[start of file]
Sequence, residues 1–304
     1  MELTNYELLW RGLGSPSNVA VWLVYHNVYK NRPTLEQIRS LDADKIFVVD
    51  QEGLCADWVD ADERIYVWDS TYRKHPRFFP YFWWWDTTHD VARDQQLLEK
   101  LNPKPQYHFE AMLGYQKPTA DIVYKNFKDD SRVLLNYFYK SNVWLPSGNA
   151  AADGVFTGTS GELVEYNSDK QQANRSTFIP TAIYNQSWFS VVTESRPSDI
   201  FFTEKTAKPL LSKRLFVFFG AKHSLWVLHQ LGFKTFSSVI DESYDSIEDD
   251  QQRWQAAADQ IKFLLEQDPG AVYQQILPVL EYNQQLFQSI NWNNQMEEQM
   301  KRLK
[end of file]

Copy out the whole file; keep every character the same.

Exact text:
Sequence, residues 1–304
     1  MELTNYELLW RGLGSPSNVA VWLVYHNVYK NRPTLEQIRS LDADKIFVVD
    51  QEGLCADWVD ADERIYVWDS TYRKHPRFFP YFWWWDTTHD VARDQQLLEK
   101  LNPKPQYHFE AMLGYQKPTA DIVYKNFKDD SRVLLNYFYK SNVWLPSGNA
   151  AADGVFTGTS GELVEYNSDK QQANRSTFIP TAIYNQSWFS VVTESRPSDI
   201  FFTEKTAKPL LSKRLFVFFG AKHSLWVLHQ LGFKTFSSVI DESYDSIEDD
   251  QQRWQAAADQ IKFLLEQDPG AVYQQILPVL EYNQQLFQSI NWNNQMEEQM
   301  KRLK